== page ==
Great Salt Lake

By Williams, Terry Tempest | Sunset, November 1998 | Go to article overview

Great Salt Lake


Williams, Terry Tempest, Sunset


The place of my dreams is the place where I live. Great Salt Lake remains a mystery to me and I have lived near its shore all my life. It is a vast inland sea, a desert sea in the Great Basin of Utah, with no outlets except the sky, through evaporation, drop by drop. Extreme heat, extreme cold color its character, and its briny nature of flies and shrimp is an acquired taste.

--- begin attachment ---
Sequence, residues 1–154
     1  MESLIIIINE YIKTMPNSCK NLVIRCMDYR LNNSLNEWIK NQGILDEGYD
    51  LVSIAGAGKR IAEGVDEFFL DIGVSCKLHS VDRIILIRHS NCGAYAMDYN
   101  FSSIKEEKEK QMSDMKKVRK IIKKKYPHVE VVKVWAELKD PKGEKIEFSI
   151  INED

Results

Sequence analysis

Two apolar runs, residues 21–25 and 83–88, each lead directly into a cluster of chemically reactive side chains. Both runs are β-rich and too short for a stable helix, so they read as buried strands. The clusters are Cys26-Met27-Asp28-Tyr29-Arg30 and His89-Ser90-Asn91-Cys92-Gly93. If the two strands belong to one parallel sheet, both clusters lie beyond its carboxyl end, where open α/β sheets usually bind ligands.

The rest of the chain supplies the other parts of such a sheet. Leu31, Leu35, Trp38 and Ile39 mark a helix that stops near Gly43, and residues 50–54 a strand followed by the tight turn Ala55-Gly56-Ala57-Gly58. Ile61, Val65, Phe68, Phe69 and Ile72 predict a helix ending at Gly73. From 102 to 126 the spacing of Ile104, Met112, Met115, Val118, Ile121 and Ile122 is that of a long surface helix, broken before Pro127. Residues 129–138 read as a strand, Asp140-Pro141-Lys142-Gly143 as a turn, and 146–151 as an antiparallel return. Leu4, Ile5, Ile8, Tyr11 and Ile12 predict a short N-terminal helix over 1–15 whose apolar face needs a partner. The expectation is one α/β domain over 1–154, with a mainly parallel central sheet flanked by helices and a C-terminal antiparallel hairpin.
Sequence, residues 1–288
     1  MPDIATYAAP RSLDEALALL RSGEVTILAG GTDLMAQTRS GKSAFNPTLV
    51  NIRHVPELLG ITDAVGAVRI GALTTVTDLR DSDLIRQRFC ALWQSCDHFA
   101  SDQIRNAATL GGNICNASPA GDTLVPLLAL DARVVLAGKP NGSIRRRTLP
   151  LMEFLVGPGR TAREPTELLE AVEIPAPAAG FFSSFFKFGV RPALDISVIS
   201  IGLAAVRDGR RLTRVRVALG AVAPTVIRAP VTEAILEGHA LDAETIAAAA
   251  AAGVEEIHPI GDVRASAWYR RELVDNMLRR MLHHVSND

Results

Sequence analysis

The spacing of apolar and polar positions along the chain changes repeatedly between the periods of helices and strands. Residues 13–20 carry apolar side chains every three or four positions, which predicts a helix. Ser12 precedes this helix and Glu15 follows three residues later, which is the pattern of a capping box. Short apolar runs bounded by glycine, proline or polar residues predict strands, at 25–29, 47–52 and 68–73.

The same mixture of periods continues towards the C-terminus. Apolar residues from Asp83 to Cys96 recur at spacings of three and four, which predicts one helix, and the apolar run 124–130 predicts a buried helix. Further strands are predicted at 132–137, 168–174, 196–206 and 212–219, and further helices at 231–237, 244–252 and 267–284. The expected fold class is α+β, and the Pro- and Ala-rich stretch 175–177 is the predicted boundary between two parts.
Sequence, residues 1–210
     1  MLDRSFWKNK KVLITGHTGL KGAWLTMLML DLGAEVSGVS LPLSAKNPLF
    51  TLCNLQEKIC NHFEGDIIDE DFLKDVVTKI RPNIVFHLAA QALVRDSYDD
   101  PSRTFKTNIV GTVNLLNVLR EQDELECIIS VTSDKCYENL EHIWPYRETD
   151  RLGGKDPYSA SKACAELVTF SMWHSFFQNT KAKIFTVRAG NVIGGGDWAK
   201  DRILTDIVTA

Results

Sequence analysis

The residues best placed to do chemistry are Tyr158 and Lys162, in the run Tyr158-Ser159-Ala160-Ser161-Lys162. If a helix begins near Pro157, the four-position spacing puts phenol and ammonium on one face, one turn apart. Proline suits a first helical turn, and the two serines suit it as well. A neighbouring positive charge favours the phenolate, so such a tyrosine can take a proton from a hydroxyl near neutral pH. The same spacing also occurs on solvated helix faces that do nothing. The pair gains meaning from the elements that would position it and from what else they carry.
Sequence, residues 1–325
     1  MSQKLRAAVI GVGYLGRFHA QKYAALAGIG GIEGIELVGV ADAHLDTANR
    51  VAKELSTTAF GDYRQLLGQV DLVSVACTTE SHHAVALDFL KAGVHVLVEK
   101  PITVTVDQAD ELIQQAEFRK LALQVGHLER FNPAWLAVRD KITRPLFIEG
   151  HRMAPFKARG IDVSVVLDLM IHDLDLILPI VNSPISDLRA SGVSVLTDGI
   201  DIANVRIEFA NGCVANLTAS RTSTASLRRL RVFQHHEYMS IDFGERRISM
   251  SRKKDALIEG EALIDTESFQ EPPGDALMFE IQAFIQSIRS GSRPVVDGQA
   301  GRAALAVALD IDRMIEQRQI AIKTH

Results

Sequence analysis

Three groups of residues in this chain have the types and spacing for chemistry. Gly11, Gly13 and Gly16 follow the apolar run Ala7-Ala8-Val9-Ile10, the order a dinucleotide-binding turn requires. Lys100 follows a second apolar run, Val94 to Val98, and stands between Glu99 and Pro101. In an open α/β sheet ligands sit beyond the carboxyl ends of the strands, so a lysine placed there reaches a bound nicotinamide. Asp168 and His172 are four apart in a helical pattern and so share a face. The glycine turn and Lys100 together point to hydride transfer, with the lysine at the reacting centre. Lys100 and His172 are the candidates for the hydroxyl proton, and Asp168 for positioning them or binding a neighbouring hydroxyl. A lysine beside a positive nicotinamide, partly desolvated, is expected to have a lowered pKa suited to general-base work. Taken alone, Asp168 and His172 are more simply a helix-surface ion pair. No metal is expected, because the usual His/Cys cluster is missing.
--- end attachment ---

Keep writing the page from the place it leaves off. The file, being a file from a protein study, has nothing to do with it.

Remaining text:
Except for the birds.

Day by day, bird by bird, they descend from the sky to rest and feed and breed. Their sheer numbers organically drawn in a single flock or gathered together on any given day on mud flats, marshlands, or open water, during spring and fall migrations, split the imagination wide-open: 10,000 snowy plovers; 17,000 Western sandpipers; 32,000 long-billed dowitchers; 65,000 black-necked stilts; 250,000 American avocets; 400,000 eared grebes; 500,000 Wilson's phalaropes.

And these are only a few of the staggering statistics of migratory birds that grace this body of salt water in the intermountain West.

I love to stand on its edge and simply look up at the passing shadows of wings. …

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